Berlin — After an impressive few years of Israeli films showcased prominently at the Berlin Film Festival, there was a conspicuous dearth of Israeli fare this year. The Berlinale, which ran from February 9 to 19, has a reputation for tackling political issues. This year, it decisively chose to highlight films from hotbed countries, including Egypt, Yemen and Syria, which were supplemented by talks and panels about the impact of the Arab Spring on filmmaking. Programmers went for films that pushed hot political topics, including Alison Klayman’s documentary, “Ai Weiwei: Never Sorry,” about the Chinese artist and dissident.
One of the few Israeli productions in the festival selection was Silvina Landsmann’s excellent low-budget documentary, “Bagrut / Lochamim” (“Citizen / Soldier”). Her film, which won a special mention from the Caligari Film Prize, follows a civic education class run by the IDF for soldiers at the end of their military service. The three-week-long course is designed for soldiers who do not yet have a high school certificate. Landsmann’s camera captures the heated debates between the liberal teacher and his students, many of whom hold borderline racist views about their Arab neighbors and, at times, about ultra-Orthodox Jews.
The director herself remains invisible, soberly observing the lively discussions about human rights, the philosophical and practical implications of defining Israel as both a Jewish and democratic state, as well as religious and social tolerance. The decibel level is often one notch below shouting. In this respect, the film can feel like a non-fiction version of the much-lauded 2008 French film “The Class.” But unlike in that film, and possibly due to military discipline, the students here always maintain decorum.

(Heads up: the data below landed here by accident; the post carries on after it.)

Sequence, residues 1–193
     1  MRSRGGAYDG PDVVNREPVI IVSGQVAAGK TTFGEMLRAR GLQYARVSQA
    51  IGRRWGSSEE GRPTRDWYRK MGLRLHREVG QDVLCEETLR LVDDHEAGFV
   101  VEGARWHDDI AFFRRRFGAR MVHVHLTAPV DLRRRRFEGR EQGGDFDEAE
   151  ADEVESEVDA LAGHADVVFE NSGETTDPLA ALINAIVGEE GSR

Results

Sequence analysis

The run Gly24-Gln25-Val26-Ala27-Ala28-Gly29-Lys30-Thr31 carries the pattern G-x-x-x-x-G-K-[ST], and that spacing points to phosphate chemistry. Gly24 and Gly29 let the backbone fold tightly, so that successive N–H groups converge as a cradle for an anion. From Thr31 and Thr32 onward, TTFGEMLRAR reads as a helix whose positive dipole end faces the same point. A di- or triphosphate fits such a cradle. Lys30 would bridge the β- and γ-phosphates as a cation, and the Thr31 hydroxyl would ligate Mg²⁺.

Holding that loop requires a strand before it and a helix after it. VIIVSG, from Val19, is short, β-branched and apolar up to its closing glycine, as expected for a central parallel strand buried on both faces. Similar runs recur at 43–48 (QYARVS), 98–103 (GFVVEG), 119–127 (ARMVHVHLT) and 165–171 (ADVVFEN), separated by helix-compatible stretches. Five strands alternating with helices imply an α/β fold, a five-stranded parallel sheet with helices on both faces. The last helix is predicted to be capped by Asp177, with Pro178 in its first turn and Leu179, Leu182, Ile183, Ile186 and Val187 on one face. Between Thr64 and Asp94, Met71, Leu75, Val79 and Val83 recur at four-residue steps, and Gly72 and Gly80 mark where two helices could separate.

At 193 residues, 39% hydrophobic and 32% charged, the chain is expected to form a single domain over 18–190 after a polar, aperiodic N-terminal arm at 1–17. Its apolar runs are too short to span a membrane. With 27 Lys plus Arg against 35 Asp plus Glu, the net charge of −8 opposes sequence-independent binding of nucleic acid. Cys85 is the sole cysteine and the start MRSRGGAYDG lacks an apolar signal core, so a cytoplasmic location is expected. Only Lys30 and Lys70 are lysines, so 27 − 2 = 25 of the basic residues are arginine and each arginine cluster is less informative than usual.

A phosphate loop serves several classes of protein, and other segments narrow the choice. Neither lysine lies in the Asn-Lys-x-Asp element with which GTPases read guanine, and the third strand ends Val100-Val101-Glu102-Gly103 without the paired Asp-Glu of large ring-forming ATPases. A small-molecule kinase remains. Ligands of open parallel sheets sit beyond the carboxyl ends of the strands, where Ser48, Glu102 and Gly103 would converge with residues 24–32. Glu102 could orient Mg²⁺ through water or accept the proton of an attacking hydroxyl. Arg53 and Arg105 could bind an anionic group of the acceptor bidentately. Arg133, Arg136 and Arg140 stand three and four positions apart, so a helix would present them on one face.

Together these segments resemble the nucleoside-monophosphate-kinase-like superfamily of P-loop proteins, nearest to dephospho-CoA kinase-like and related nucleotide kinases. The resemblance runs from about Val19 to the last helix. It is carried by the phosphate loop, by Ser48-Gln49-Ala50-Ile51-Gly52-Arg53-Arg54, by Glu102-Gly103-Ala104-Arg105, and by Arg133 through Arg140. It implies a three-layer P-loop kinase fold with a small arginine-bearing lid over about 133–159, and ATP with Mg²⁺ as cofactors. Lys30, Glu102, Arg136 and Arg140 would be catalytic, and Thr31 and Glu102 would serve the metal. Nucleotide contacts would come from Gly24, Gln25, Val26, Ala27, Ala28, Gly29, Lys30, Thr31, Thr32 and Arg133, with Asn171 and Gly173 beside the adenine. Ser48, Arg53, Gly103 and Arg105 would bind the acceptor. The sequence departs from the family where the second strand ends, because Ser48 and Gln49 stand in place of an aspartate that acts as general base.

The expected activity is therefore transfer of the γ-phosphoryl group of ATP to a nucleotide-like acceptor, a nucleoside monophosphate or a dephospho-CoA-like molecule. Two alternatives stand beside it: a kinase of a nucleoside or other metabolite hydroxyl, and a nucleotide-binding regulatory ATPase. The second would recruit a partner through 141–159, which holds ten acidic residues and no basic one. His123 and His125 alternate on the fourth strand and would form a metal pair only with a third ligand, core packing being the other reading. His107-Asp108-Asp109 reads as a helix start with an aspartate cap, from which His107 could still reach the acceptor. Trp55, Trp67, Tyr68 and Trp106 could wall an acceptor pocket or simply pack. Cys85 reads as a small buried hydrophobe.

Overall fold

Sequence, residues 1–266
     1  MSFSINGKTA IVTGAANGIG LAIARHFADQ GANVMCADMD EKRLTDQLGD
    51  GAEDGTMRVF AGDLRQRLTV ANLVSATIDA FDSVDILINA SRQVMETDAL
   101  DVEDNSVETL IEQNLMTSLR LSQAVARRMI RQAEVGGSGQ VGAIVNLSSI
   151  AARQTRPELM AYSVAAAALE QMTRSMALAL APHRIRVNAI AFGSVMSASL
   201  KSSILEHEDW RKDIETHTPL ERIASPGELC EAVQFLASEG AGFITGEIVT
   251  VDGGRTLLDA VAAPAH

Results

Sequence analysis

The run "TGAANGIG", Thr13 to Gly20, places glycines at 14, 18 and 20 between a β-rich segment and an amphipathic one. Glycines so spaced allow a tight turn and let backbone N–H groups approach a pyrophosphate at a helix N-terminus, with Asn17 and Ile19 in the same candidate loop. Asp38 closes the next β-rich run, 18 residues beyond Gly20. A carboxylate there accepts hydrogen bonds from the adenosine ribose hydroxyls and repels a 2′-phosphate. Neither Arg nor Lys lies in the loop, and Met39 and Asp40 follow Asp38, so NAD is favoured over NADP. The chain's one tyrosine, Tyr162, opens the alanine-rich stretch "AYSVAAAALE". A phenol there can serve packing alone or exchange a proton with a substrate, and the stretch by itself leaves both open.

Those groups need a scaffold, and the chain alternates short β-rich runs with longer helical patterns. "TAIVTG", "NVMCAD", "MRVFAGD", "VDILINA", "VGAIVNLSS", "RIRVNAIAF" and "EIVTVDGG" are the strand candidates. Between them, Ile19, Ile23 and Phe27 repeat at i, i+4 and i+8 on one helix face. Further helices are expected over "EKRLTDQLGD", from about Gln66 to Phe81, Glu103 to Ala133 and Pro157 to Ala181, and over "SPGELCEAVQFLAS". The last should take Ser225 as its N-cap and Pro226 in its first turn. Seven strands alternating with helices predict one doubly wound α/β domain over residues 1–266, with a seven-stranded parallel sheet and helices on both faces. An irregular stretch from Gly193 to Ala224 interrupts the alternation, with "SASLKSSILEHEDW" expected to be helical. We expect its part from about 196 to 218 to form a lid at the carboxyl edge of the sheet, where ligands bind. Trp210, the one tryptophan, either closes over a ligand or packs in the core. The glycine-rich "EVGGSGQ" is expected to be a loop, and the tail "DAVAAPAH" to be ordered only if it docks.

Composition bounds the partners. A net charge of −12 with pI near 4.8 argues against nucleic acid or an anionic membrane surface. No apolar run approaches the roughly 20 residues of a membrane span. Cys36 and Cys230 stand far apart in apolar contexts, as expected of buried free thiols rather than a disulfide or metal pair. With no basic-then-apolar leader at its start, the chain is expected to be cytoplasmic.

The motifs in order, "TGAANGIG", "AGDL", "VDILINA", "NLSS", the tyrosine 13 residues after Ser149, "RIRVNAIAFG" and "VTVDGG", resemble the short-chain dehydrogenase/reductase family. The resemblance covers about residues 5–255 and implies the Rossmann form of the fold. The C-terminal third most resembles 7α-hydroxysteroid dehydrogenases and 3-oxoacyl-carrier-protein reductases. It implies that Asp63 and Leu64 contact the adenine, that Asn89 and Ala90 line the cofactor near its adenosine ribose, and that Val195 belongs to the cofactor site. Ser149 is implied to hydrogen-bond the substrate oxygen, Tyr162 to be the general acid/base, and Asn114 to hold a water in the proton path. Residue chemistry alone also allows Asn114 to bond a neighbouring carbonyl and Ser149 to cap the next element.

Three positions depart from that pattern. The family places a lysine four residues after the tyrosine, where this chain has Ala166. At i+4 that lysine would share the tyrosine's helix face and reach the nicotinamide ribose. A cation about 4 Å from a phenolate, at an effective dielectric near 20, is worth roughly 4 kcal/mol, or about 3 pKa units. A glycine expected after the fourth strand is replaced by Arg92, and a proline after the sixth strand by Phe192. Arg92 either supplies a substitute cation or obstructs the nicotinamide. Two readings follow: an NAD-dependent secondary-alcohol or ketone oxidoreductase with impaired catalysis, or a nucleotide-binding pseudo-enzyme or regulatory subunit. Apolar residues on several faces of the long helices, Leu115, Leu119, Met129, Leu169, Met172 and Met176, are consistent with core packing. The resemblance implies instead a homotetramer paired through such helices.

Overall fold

Charismatic, well-spoken and persuasive, the teacher is not interested in preaching, but will keep the conversation going despite the students’ reflexive objections to his assertions of Israeli wrongdoings. The lessons often revolve around history, moral philosophy and political events, and the teacher succeeds in getting his stubborn students to open up and debate the vital issues facing Israel today from less draconian and defensive positions.
If Landsmann errs cinematically, it is in her insistence on focusing on the ever-present guns in classroom, schoolyard and auditorium, unnecessarily hammering home a point that could be made more subtly, about the effects of compulsory military service on Israeli society. Aside from that, her visual instincts are spot on, even when capturing the students outside the classroom, chilling out or getting one-on-one tutoring in Jewish ethics. By using this soldiers’ classroom as a microcosm of Israeli society at large, Landsmann manages to tell an important story from an unusual angle.